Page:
That this is the typical scenario is an indication that radical change is needed, but first a radical change has to happen inside each of our heads. If we haven't changed our outlook so that we have a deeply ingrained automatic reaction to look at things with the assumption that it should all work to the benefit of US, then we haven't had that radical change in our own heads. If we ever find ourselves reacting in ways that are sensible, like hearing that automation hurt some workers and automatically thinking, "What? It hurt workers not helped them? Why didn't those workers get their full share of the benefit of automation?" then we know our head has changed.

That change, in our heads, is really the only change that matters. It is that change that will help US realize just how much power we already have and start to use it. If enough people have that change in understanding, then change will happen, relentlessly, possibly slowly, but surely, gradually over time yielding to the pressure of our insistence on our being given our full value, both in work and in how we want this country run.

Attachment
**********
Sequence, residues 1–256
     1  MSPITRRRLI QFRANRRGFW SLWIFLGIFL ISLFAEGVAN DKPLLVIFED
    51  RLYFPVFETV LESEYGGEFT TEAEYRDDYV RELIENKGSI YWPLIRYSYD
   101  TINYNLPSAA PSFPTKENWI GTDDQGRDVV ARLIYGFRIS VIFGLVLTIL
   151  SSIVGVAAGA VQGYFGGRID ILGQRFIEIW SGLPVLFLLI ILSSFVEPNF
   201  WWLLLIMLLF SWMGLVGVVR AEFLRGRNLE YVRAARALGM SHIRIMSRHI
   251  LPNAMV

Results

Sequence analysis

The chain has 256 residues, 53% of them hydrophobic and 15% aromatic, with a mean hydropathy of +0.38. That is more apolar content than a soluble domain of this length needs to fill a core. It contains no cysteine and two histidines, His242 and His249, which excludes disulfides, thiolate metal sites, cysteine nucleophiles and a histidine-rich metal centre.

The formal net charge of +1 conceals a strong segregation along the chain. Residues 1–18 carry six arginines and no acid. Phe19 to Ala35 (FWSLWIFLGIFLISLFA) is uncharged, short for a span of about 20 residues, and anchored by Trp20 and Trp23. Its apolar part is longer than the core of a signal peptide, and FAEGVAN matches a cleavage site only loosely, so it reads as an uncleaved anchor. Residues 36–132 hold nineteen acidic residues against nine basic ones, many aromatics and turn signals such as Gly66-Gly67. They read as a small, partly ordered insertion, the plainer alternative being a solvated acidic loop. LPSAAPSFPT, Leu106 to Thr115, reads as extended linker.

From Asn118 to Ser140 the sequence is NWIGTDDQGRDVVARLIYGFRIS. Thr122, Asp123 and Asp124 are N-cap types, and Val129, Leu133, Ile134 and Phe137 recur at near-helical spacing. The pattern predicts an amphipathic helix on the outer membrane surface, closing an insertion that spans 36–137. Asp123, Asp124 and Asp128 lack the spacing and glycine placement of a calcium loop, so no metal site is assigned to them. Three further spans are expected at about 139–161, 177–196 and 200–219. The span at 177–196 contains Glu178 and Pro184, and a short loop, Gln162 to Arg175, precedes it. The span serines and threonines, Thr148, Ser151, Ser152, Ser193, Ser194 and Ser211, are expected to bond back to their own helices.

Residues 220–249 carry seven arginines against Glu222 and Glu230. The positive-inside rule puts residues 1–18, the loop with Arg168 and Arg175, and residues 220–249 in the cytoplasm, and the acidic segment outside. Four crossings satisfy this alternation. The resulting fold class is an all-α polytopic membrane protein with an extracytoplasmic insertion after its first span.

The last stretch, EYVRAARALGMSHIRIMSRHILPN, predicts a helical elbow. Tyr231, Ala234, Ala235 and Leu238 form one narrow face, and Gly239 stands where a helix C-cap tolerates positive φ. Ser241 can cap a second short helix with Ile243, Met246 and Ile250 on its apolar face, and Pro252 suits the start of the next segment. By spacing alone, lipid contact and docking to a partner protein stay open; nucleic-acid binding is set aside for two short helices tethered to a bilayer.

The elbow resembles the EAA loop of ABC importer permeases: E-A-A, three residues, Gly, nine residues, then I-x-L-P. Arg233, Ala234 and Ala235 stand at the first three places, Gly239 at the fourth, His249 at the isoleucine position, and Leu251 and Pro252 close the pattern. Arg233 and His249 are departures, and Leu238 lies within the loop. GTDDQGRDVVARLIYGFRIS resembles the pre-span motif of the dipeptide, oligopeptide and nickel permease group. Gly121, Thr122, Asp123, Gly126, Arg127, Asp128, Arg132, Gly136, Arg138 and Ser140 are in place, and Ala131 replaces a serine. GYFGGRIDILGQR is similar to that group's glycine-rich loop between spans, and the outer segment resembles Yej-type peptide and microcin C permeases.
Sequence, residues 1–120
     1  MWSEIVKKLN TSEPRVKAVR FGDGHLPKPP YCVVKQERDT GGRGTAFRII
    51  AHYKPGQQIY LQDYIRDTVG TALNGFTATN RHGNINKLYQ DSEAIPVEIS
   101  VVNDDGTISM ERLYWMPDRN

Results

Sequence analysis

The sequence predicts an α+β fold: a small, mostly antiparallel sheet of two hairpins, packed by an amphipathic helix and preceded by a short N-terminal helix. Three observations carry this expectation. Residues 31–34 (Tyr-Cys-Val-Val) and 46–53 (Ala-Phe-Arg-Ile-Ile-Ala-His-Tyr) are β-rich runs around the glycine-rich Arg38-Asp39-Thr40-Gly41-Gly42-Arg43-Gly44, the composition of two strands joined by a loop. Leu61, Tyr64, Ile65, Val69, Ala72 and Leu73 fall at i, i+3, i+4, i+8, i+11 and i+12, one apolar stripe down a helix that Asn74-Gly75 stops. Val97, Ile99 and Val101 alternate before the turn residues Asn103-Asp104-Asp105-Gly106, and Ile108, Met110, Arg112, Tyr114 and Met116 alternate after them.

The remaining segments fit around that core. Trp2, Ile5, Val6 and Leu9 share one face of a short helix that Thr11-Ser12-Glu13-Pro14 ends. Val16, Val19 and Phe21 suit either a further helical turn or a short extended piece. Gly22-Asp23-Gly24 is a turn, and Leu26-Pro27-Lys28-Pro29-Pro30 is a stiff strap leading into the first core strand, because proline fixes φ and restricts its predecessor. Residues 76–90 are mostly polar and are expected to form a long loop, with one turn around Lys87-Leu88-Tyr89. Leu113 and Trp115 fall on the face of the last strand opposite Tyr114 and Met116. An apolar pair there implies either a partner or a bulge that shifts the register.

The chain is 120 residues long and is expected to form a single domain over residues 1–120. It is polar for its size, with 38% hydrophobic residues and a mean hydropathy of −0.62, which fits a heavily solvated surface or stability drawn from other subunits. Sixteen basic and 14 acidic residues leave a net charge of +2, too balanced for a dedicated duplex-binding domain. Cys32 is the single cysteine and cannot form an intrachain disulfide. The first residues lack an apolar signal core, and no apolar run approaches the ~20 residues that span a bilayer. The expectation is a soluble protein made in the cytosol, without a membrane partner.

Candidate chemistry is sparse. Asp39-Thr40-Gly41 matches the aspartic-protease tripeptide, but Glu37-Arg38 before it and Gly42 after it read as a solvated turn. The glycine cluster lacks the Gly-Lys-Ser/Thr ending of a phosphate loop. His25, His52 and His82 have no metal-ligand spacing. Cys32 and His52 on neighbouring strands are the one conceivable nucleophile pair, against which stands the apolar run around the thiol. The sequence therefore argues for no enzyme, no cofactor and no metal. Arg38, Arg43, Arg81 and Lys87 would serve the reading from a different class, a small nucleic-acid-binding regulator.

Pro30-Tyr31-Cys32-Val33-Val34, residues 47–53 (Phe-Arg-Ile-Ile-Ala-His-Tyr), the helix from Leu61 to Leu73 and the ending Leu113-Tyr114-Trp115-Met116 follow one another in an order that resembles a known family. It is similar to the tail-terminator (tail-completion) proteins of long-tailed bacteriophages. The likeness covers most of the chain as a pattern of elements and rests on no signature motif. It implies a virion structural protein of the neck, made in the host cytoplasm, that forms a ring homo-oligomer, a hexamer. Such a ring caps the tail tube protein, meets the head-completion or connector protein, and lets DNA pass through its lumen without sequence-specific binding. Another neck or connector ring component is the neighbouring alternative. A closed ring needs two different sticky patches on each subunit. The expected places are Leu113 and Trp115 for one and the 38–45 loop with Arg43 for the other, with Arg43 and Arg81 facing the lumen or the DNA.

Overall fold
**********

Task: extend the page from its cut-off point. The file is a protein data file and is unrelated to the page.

Radical change has to happen, and it has to happen in your head.


Wage theft is a huge problem and a key problem. How it's handled is the perfect thermometer of whether federal and state governments are for US or not, but it's also a thermometer of ourselves, of how much we really care about US, or how much is really just care ourselves and not others.


Tom Cantlon is a business owner and writer in a small western town. This e-mail address is being protected from spambots. You need JavaScript enabled to view it your social media marketing partner